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How to Help Women Online Learners to Succeed

"Work and family constraints that channel women into online programs also make it harder for them to finish."

Women are the clear majority of students taking college courses online, but they’re less likely than men to succeed. Work and family constraints that channel women into online programs also make it harder for them to finish. Unfamiliar technology and lack of community add to their challenge.

Colleges can help students succeed online. Participants at the NASPA/ACPA annual conference in Orlando in April learned how from two presenters: Dr. Ivan L. Harrell II, coordinator of student services at J. Sargeant Reynolds Community College in Richmond VA, and Dr. Marguerite M. McClinton, director of the Elrod Commons and campus activi-ties at Washington and Lee University in Lexington VA.

Both earned doctorates at Florida State University as Melvene Hardee scholars, named for a pioneer in women’s higher education leadership. Harrell researched online assessment of student readiness and online retention; McClinton, access and retention of African Americans in Florida’s merit-based Bright Futures program.

Online learning makes higher education possible for many who couldn’t otherwise go to college. It expands access, especially for older and nontraditional students. Some thrive while others feel isolated and overwhelmed.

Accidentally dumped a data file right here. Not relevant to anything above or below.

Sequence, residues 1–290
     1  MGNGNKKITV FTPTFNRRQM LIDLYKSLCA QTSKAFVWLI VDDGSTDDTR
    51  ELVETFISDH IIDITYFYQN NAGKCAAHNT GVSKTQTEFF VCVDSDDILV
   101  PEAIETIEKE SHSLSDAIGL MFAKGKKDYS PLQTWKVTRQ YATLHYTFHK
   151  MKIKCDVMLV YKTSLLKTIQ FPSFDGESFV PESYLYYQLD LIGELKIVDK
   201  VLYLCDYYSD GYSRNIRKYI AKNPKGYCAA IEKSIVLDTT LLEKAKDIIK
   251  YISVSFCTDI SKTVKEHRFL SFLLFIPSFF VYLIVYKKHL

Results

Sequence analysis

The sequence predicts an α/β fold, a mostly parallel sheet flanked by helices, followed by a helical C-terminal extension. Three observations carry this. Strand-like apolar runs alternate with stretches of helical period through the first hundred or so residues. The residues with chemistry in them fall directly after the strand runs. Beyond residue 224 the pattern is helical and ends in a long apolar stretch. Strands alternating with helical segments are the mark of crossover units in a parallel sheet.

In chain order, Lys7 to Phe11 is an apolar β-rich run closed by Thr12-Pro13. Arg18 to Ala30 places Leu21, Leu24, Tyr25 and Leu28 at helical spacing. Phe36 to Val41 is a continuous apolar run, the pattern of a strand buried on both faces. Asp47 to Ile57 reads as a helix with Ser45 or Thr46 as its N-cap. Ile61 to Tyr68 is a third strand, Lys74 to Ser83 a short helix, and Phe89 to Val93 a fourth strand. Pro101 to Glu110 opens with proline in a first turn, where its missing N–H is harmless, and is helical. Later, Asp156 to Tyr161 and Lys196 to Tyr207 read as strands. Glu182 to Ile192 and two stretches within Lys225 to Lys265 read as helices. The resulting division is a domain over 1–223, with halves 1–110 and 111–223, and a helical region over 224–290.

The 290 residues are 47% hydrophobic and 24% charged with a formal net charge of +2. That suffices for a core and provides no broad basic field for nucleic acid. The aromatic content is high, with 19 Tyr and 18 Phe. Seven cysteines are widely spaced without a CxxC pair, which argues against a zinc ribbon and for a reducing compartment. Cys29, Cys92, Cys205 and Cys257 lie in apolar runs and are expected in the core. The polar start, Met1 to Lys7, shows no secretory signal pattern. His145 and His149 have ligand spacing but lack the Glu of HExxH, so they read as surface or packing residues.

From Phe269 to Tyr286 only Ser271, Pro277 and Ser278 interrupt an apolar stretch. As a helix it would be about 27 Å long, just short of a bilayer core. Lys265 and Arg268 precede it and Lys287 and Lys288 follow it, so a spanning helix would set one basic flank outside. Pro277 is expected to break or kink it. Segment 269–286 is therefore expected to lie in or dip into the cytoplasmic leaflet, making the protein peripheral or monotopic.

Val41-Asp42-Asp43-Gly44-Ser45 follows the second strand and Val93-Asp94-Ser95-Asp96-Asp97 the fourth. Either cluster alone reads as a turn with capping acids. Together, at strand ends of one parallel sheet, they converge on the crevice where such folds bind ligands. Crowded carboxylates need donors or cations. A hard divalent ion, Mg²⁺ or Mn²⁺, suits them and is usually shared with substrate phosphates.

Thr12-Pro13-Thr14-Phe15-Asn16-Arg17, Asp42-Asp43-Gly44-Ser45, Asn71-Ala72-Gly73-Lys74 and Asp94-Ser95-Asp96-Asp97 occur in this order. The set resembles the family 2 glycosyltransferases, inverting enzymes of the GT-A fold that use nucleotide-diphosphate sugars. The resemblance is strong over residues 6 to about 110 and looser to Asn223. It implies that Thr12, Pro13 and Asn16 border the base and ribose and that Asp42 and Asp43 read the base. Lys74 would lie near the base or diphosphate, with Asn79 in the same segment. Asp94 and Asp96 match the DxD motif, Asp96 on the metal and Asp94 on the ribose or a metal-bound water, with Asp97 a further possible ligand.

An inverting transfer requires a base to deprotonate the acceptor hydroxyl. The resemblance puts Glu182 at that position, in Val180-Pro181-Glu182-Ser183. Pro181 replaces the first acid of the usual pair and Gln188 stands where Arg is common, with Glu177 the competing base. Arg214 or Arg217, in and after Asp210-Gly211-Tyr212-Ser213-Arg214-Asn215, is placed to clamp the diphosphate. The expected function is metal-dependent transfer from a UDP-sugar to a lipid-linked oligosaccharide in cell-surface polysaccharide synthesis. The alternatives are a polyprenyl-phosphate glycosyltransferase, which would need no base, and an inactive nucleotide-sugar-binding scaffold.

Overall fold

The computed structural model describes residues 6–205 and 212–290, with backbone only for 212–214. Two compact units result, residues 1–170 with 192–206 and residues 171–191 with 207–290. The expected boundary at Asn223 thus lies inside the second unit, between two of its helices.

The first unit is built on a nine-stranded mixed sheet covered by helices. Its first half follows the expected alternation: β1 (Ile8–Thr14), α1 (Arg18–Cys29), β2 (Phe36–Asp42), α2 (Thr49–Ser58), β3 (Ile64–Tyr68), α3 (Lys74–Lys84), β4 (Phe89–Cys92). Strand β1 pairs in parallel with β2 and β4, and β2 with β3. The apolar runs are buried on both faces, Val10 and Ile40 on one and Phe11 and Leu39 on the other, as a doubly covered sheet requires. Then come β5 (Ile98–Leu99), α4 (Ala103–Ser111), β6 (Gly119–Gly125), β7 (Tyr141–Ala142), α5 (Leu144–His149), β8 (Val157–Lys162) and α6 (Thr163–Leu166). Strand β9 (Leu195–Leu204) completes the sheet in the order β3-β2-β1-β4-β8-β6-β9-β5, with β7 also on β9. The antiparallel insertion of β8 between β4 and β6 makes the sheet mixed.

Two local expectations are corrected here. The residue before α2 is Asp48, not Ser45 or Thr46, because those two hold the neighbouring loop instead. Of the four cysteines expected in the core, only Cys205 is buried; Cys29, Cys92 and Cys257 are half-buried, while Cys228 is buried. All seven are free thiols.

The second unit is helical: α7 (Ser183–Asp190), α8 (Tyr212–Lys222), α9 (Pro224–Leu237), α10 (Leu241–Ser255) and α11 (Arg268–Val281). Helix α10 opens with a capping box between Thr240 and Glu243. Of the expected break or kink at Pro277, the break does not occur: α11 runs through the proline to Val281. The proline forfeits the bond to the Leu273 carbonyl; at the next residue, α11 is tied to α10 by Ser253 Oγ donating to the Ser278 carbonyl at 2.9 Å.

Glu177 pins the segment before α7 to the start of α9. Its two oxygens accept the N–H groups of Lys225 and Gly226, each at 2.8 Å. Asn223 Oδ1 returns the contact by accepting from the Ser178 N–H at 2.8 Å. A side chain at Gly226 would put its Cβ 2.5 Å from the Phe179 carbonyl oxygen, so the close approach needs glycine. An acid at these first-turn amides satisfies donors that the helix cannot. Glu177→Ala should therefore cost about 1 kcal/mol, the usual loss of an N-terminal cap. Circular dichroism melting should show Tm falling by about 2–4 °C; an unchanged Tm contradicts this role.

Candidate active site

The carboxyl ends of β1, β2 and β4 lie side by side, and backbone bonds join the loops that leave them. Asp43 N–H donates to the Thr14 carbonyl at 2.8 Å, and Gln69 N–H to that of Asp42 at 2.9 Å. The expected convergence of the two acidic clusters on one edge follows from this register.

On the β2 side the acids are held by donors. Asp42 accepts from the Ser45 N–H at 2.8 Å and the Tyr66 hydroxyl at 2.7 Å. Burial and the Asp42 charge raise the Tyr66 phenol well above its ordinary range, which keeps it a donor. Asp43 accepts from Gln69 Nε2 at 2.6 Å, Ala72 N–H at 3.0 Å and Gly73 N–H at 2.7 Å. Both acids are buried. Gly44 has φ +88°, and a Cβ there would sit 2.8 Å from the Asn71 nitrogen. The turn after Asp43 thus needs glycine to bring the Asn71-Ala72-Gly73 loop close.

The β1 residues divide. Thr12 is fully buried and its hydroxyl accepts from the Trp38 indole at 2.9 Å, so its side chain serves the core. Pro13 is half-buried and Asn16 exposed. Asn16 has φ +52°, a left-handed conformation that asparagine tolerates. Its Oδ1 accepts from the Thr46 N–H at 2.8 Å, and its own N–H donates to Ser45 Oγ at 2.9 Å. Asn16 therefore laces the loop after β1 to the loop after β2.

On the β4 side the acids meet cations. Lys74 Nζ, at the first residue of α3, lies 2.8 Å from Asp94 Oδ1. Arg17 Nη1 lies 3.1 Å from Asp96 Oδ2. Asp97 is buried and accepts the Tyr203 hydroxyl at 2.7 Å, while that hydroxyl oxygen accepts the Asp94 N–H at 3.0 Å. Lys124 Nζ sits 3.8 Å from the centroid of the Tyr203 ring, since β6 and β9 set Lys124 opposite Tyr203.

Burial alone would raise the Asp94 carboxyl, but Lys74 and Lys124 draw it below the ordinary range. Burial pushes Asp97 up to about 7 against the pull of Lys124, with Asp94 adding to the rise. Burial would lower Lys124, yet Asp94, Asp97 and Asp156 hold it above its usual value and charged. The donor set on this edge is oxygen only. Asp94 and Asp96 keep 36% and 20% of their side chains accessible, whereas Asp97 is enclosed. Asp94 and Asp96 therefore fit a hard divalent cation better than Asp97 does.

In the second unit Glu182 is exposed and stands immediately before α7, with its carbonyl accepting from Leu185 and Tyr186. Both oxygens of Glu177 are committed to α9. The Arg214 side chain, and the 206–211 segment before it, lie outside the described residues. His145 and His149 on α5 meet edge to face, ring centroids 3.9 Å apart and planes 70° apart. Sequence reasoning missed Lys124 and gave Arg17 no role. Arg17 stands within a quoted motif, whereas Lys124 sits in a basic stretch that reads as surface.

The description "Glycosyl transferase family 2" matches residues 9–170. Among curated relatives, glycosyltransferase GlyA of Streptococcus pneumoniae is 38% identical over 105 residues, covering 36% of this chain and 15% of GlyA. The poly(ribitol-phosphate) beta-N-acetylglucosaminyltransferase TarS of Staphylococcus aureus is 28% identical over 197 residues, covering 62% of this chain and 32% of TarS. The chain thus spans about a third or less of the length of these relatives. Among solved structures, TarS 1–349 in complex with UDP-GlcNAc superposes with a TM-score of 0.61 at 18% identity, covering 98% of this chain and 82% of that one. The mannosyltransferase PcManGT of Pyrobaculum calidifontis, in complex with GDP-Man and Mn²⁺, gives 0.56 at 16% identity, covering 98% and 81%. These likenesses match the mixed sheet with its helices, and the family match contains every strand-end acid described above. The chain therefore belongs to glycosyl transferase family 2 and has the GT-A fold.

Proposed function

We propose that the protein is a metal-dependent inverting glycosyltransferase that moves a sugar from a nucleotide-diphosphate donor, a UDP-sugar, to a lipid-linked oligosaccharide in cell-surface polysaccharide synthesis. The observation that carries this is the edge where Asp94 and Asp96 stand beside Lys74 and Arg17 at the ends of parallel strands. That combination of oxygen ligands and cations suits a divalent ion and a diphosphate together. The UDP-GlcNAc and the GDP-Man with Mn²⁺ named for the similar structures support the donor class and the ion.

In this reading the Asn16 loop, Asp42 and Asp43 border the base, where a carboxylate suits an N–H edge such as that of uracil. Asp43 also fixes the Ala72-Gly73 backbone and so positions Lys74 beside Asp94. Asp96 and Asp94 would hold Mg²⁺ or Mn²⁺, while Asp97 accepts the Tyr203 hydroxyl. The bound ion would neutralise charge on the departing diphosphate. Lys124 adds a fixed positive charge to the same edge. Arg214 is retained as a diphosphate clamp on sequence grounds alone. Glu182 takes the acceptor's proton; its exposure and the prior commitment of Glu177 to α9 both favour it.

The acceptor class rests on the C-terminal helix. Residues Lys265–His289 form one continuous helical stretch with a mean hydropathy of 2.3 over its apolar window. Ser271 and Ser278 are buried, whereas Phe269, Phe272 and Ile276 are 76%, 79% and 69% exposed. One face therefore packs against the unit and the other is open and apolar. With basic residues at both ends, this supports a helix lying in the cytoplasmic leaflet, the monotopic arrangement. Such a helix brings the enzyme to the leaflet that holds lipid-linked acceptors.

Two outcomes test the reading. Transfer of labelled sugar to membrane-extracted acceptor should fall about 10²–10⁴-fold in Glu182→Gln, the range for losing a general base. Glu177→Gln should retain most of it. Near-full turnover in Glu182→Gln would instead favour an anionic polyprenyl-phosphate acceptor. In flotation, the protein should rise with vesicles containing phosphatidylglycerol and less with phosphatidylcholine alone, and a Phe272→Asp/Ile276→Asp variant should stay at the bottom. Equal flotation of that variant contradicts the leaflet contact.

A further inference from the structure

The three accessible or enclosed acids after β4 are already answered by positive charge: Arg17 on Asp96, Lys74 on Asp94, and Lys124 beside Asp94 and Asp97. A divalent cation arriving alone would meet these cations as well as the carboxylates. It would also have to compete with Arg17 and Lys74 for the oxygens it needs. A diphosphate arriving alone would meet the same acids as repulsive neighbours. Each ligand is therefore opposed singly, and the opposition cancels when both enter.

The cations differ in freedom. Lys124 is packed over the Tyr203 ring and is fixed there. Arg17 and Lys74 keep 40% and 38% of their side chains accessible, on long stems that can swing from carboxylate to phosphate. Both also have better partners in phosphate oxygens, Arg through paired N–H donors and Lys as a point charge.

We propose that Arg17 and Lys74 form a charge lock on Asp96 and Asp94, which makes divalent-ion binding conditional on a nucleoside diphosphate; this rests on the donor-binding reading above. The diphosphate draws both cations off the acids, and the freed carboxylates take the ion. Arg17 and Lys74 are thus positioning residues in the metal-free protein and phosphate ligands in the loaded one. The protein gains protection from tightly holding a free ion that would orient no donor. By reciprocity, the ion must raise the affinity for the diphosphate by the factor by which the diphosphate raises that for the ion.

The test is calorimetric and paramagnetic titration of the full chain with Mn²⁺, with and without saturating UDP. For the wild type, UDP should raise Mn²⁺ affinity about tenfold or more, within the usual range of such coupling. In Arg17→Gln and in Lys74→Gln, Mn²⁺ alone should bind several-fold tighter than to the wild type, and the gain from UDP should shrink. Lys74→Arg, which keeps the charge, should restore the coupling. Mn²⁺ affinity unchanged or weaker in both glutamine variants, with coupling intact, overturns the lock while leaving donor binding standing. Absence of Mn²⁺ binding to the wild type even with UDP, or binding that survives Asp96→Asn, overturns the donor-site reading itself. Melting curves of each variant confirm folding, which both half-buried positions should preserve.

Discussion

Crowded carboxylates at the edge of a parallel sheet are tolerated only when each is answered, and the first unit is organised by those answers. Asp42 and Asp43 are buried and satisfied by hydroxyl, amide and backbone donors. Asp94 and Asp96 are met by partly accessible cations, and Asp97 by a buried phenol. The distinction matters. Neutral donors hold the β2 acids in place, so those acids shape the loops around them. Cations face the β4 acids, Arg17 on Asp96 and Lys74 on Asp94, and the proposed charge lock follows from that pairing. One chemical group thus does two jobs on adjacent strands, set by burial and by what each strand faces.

For enrollment-driven colleges, online programs offer a cost-effective way to enlarge their numbers. “Some institutions see it as a way to increase enrollment and revenues without having to build new buildings,” Harrell told WIHE. But they don’t always consider the support structures they’ll need to provide.

Online educational programs have higher dropout rates than classroom-based education. As more and more schools offer courses and degree or certificate programs online, support structures are vital to help students succeed.

They identified five factors affecting online student success: student readiness, student orientation, student support, course structure and instructor preparation and support. Their workshop in Orlando targeted the first three.

Student readiness

Harrell created and tested an online pre-assessment to help schools to identify online students at risk. His “Using Student Characteristics to Predict the Persistence of Community College Students in Online Courses” was cited for excellence by the Council for Study of the Community College. The Southern Association for College Student Affairs named it the 2006 dissertation of the year.

He developed a formula using grade point average, scores of auditory learning style and basic computer skills to predict whether a student was more likely to persist or withdraw. His pre-assessment measures these student characteristics:

  • Motive for taking an online course. Some local community college students take classes online as well as face-to-face, but not always for good reasons. They’re at risk if they choose online so they won’t have to work as hard. Motives that predict success include fulltime jobs, family commitments and limited physical mobility. “A lot of women feel it gives them an opportunity to juggle work and family obligations,” he said.
  • Locus of control. In the eyes of the student, who causes failure? Those who regularly blame others (external locus of control) are less likely to succeed than those who take responsibility for their outcomes.
  • Self-efficacy. Albert Bandura introduced the term self-efficacy for the belief in one’s power to have an effect or achieve a goal. A student who thinks she can succeed online is more likely to do so. Those with strong self-doubts are at risk.